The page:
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Porches on the regime behind his new album 'The House'

“I wasn’t really a part of the New York City music scene until I moved down here, I don’t really know if I’m a part of it now.”

There are many ways to go about things creatively. Porches, the moniker of New York-based artist Aaron Maine, discovered this when writing his third album, The House. He took to writing and recording every day, in a journal-style approach.

Maine describes the album as a collection of diaristic vignettes about what was going on in his life at the time. While the idea may seem like a concept record, Maine is quick to shrug off the description. For him, this record was his reality.

“I wrote it during a pretty charged time in my life where I was in a unique situation. I’d gotten myself into quite a routine, kind of like a regime, where I would write and record every day and that’s not something I’d done in the past,” he says. “No matter what happened, where I was or what was going on, I would wake up and write and I found a lot of interesting things to sing about.

“Naturally, because it was written and recorded over a pretty condensed period of time, I noticed linear content running through it, and it felt right to go with that and continue the regime and force myself to get through these songs and try not to over think it too much. Let it speak for itself at the end of the process.”

 Maine collaborated with a series of different artists to create this album, including Blood Orange, (Sandy) Alex G, and his own father Peter Maine. He calls himself a bit of a control freak when it came to writing and producing the heart of the songs, but towards the end of the process he felt excited to bring other people into the picture and capture some of their personality in his music.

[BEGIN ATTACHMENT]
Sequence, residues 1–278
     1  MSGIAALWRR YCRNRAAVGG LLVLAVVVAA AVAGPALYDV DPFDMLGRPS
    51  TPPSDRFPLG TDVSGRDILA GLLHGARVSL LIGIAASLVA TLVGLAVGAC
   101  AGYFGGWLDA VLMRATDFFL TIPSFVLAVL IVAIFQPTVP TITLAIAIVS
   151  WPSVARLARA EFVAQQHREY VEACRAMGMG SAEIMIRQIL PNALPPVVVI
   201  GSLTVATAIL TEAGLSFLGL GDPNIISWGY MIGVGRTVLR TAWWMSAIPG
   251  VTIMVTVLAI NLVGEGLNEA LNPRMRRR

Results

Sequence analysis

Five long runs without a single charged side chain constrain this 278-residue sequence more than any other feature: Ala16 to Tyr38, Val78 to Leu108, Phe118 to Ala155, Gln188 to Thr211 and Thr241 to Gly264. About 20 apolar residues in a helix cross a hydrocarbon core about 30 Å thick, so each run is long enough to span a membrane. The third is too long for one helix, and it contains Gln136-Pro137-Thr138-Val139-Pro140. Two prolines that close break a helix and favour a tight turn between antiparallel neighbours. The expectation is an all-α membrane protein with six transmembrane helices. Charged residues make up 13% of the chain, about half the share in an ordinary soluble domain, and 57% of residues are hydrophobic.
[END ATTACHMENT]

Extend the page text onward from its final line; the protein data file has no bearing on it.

It’s his father’s input on ‘Understanding’ that was the most moving for Maine. “I remember the vocal take being pretty striking and fragile. It struck a chord with me, so I asked him when I got home if he’d send me the vocal track and he did,” he says. “It sits there almost like a narrator coming in or like the voice of your conscious speaking. It allows me to step back and hear someone else talk and someone else can hear the rest of my experience through that which feels really good in the context of the album.”

For Maine it was the environment growing up in Westchester County – a county in New York State – that shaped his musical influence. He didn’t travel to the city very often growing up and was happy being in his hometown, making music in an artistic community. “I wasn’t really a part of the New York City music scene until I moved down here, I don’t really know if I’m a part of it now,” he says. “It was not until my earlier 20s that I was exposed to it. I wish that it shaped my music more than it did, if I had been more inclined growing up to spend more time in the city, but I was pretty content in this town called Pleasantville.”

After the release of The House, 2018 will be a year of heavy touring for Maine. He remains realistic, reflecting on how life can be tough on the road, especially being away from friends and family for so long. However, he looks forward to a productive year, possibly featuring an Australian tour. “We’ve mentioned at the end of the year going to Australia because it will be our first time there and I’ve only heard amazing things about it. I hope we get there, I guess if people want us to come we’ll go.”

Porches will release his third album The House on Friday January 19 via Domino.